Australia Day 2016: Facts, Origin & Ways To Celebrate

Down Under will celebrate Australia Day tomorrow (Jan. 26) with flair and coolness.

Twitter recently launched a cute koala emoji to commemorate the special day.

According to ABC News, the koala emoji will be automatically generated when Twitter users include the tag #AustraliaDay on tweets.

The new emoji, which features a koala sporting green and gold sunglasses, received various reactions on social media. One Twitter user, Adam Spence, described the image as a koala trying to hide a hangover.

Photos and messages shared on social media on Tuesday, using the hashtag #AustraliaDay, will be collected and displayed in a live digital exhibition at the National Museum of Australia in the country’s capital, Canberra.

Museum director Mathew Trinca said tweets would become a permanent visual record of celebrations across the country. He shared, “These images will be stored in a time capsule at the National Museum in perpetuity.”

There has been a 50 percent increase in the number of #AustraliaDay mentions over the last two years, the Daily Mail reported.

Julie Inman Grant, the Twitter director of public policy for Australia-SE Asia, encouraged the public snap a photo or shoot a video and Tweet it with the hashtag #AustraliaDay to generate the emoji.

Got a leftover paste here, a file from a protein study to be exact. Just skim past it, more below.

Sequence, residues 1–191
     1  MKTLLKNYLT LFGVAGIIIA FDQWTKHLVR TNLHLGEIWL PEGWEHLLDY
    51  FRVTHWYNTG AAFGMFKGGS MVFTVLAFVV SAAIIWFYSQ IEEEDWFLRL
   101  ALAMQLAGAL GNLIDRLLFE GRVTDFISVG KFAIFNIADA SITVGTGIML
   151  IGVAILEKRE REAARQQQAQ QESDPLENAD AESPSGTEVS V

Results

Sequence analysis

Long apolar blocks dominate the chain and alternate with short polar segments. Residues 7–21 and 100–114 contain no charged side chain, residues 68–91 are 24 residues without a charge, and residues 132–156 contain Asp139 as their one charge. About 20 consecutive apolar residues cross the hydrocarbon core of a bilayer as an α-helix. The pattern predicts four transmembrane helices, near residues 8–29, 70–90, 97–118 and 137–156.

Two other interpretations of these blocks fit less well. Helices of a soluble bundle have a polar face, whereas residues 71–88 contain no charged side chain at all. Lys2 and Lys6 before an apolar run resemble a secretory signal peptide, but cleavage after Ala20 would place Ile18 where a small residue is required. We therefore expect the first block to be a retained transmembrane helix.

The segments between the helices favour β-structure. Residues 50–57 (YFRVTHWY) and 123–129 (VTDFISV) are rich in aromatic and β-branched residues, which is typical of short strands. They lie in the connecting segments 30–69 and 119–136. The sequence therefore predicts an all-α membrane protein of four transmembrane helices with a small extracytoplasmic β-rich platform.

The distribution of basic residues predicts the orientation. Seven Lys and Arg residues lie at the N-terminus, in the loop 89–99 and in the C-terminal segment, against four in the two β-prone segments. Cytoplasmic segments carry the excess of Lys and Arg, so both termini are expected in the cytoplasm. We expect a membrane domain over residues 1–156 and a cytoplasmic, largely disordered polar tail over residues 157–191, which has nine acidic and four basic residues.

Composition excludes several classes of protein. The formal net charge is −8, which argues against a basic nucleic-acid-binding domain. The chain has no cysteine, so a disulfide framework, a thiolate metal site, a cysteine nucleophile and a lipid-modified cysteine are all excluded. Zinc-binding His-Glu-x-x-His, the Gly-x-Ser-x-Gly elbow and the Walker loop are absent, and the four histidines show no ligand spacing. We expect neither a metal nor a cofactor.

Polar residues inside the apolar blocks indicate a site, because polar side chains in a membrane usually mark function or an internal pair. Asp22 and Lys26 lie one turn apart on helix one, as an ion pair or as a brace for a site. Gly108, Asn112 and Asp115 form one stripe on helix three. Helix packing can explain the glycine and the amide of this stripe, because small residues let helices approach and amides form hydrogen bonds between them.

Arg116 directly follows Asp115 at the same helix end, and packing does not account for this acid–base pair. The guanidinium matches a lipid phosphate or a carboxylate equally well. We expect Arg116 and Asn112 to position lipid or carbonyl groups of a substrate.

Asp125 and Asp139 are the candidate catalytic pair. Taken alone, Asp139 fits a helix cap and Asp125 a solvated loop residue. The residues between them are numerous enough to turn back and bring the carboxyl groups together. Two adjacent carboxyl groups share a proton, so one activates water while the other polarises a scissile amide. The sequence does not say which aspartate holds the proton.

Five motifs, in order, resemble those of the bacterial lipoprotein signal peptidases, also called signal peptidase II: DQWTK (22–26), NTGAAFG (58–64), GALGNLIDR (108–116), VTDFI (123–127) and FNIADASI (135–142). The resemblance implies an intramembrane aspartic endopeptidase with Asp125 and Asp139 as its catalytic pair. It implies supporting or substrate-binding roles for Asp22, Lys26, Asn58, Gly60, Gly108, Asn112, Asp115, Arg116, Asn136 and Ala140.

“Many Australians will be out and about on 26 January, celebrating the day with friends and family. This is an opportunity for them to be part of a national digital snapshot that captures the great diversity of our nation and just how colourful Australia Day is,” she said.

Meanwhile, here are some tidbits about Australia Day.

Australia Day

1. Australia Day commemorates the establishment of the first European settlement at Port Jackson, now part of Sydney, in 1788.

2. The main figures of Australia Day are the symbols of Australia. These include the national flag, with its representations of the Union Jack, the Commonwealth Star and the five stars of the Southern Cross as well as the national anthem “Advance Australia Fair.” Other symbols include the Golden Wattle, which is the national floral emblem; the opal, recognised as the national gemstone; and the national colors of green and gold, wrote.

3. Most Australians celebrate this day in relaxation with family and friends. Activities include a picnic or barbecue, an outing to the beach or nearest park, or attending an official Australia Day event.

4. If you want to become an honorary Australian for the day, you can wave the national flag, eat a lamington, sport an Akubra or wear the national sporting colours of green and gold, wrote.

5. Some also get out and enjoy concerts and outdoor performances.

6. You can also catch the Ferrython, a beloved Australia Day tradition in Sydney.

7. During this day, Sydney Harbour will be busy with the Australia Day Harbour Parade. Fireworks are also expected.

8. For those who are waiting to be Australian citizens, the citizenship ceremonies are held around the country at several community events.

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